Chancellor Jeremy Hunt says “better days lie ahead” after experts tore up their forecasts of a recession this year, instead predicting the economy will grow.
The International Monetary Fund upgraded Britain’s outlook from the worst performing nation in the G7 this year.
And long term it tipped us to have stronger prospects than Germany, France and Italy.
The Chancellor said the UK was making progress and has a “bright future” after sticking to the government’s economic plan to bring down inflation and debt.
Mr Hunt told the Daily Express: “The IMF has given a decisive vote of confidence in the British economy, our economic policy, and our plan to halve inflation and grow the economy.
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“Better days lie ahead if we stick to our plan, with confidence returning and our long-term growth prospects now brighter than those in Germany, France and Italy. That shows how we are taking advantage of Brexit’s opportunities, harnessing the technologies and industries of the future, and putting ourselves on the right path.
“While there are still challenges, we are making progress. We are a great country with a bright future – now let’s get on and deliver our plan. It’s what we were elected to do.”
The IMF believes the UK economy will grow 0.4 percent this year. Last month it forecast a contraction of 0.3 percent.
It said measures announced in the Budget to boost childcare and support for companies “should have a positive effect on medium-term growth”.
PM Rishi Sunak’s deal with Brussels on post-Brexit trading was also credited with ending uncertainty, while an expected fall in energy prices is tipped to lead to a significant drop in the cost of living.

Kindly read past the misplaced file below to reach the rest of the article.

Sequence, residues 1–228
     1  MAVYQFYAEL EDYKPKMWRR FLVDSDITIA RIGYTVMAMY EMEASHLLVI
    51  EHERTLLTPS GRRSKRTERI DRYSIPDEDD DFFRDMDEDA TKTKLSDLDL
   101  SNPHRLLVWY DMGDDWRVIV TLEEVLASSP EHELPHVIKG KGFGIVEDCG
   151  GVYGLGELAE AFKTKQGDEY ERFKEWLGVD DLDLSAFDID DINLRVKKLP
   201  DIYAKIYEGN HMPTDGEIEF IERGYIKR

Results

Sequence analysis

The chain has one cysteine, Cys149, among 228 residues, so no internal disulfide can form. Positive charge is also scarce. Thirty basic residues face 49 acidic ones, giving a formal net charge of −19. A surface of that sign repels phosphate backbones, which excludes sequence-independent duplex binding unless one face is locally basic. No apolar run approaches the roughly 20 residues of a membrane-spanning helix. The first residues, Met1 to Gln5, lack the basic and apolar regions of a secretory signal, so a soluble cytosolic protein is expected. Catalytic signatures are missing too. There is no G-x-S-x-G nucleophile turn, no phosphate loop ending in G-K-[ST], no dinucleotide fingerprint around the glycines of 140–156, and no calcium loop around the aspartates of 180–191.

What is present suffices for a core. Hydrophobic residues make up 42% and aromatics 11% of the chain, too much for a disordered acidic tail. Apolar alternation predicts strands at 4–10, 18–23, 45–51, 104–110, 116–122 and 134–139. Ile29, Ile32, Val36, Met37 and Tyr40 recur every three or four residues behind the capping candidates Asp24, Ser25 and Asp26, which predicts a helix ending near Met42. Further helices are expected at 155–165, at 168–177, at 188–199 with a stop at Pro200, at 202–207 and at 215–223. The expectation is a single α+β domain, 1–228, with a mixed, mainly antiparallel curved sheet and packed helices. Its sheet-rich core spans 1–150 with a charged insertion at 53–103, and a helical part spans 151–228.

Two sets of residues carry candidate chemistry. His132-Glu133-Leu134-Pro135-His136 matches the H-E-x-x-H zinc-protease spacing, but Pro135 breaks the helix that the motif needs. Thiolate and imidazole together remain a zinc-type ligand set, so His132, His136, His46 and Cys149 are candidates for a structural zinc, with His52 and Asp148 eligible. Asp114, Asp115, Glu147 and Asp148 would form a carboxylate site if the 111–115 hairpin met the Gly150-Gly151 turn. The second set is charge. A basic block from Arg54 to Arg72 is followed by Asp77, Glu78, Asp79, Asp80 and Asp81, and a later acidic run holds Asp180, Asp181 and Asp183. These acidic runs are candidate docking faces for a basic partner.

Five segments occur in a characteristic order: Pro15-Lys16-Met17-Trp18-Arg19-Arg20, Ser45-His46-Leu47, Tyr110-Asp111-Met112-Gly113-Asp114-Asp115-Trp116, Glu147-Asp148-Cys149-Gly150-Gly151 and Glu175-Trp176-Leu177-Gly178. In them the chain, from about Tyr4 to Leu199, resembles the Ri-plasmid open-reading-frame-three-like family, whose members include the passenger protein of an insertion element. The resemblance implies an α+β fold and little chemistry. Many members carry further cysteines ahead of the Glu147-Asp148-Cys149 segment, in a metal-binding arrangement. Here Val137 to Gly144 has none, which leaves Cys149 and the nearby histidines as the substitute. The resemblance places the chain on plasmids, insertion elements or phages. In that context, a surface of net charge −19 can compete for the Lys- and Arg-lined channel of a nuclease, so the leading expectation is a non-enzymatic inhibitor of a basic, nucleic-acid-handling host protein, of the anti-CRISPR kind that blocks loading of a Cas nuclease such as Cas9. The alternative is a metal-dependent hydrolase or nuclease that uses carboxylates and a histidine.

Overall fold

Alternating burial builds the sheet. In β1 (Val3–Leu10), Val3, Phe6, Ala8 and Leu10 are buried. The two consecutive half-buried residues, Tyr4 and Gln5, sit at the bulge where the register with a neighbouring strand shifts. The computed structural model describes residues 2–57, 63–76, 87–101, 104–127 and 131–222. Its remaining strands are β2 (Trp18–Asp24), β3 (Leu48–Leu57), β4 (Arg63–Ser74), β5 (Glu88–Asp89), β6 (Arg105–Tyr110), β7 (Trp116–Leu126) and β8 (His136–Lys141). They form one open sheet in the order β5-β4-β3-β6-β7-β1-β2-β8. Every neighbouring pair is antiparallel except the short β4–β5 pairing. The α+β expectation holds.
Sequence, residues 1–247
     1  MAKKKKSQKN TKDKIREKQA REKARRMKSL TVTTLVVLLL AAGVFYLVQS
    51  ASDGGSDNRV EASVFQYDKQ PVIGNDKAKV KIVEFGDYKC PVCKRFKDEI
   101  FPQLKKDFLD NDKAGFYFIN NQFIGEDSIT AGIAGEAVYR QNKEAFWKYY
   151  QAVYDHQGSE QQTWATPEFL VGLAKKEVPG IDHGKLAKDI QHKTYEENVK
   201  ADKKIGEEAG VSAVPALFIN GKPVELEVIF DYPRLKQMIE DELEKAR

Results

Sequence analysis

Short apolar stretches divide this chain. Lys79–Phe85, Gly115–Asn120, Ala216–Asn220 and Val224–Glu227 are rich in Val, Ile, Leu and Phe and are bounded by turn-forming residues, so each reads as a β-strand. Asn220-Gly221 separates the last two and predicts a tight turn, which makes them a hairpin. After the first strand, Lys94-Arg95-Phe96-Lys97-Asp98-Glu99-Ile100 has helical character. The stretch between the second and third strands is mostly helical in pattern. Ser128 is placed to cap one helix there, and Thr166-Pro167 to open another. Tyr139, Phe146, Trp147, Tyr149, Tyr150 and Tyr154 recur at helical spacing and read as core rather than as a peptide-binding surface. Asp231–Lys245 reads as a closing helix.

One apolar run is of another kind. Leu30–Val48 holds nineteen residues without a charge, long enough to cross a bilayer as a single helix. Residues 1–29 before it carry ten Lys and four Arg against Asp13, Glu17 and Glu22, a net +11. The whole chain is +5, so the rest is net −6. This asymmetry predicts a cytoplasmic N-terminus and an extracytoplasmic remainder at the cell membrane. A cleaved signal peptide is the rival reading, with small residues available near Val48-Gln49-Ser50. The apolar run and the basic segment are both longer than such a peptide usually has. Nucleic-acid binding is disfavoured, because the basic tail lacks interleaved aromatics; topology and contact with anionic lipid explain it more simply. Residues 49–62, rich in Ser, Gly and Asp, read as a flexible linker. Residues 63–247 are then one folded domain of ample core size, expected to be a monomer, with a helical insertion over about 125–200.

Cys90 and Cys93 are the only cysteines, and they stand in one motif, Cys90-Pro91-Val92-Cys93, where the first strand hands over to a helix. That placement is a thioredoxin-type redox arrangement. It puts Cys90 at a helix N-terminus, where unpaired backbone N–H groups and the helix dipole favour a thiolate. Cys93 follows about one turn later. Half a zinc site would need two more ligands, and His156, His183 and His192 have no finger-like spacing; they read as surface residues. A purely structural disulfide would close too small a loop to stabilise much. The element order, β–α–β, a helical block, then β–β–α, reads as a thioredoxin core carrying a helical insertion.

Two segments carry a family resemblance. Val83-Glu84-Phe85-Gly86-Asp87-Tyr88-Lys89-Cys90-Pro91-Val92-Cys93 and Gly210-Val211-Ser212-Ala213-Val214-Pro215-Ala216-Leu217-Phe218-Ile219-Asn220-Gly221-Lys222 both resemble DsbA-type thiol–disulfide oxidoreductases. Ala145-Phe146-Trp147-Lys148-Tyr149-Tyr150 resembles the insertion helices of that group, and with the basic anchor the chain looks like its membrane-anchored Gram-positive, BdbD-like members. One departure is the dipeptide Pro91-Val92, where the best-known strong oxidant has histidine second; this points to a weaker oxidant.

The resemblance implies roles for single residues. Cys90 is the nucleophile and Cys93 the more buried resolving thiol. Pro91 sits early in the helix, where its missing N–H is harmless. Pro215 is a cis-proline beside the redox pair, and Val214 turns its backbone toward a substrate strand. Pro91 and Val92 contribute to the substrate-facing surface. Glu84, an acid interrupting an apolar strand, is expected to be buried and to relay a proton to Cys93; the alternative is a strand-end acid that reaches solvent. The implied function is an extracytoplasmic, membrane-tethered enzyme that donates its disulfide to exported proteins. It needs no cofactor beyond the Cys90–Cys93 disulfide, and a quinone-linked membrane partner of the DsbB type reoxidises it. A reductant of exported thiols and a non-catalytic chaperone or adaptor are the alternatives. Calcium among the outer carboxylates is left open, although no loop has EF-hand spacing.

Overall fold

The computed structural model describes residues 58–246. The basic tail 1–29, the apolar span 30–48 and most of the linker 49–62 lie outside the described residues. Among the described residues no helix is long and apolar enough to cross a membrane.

Inflation figures out on Wednesday are expected to see it dip below 10 percent for the first time since July.
However, food inflation is running at 17.2 percent, and Mr. Hunt on Tuesday met food manufacturers to discuss how to bring that down.
The Chancellor insisted the IMF’s assessment showed the government was on the right track to “restore stability and tame inflation”.
He said: “It praises our childcare reforms, the Windsor Framework and business investment incentives. But the job is not done yet.” Labor has previously said bleak IMF forecasts prove the government is lurching from “crisis to crisis”.
IMF chief Kristalina Georgieva defended her economists from suggestions that they regularly read the UK wrong.
She insisted the IMF projections are “slightly less pessimistic” than forecasts by the Bank of England and others. She said: “We have gone through a very turbulent time…shock, upon shock, upon shock. That has created exceptional uncertainty.”
Ms Georgieva said that despite the better growth outlook, tax cuts are not “affordable” or “desirable”. Tory chairman Greg Hands said: “Presumably all on the Left who quoted the IMF before will now welcome this revised forecast.”
Conservative MP Jacob Young said it was “good news for our economy, bad news for those who are desperate for us to fail”.
Julian Jessop, economics fellow at the Institute of Economic Affairs, cautioned: “The large upgrade to the IMF’s forecast for the UK economy in just a month shows why we shouldn’t take these numbers too seriously.
“But the revision is consistent with other signs that the UK will dodge the recession so many feared. Unfortunately, growth is still expected to be sluggish. The UK economy is predicted to grow by an average of just 1.5 percent a year over the longer term.
“The IMF makes policy recommendations to boost productivity and growth. But many of these are politically difficult – such as easing planning restrictions and reducing barriers to business investment. The government needs to be more ambitious.
The IMF report endorsed plugging skills shortages with foreign workers but said the UK should look at “fine-tuning the immigration system to alleviate sectoral and skilled labor shortages and enhance labor market flexibility”. Mr Sunak’s spokesperson said: “It’s good news the economy is growing.
“It requires discipline on government spending and many other areas. The Government will stick to that plan.”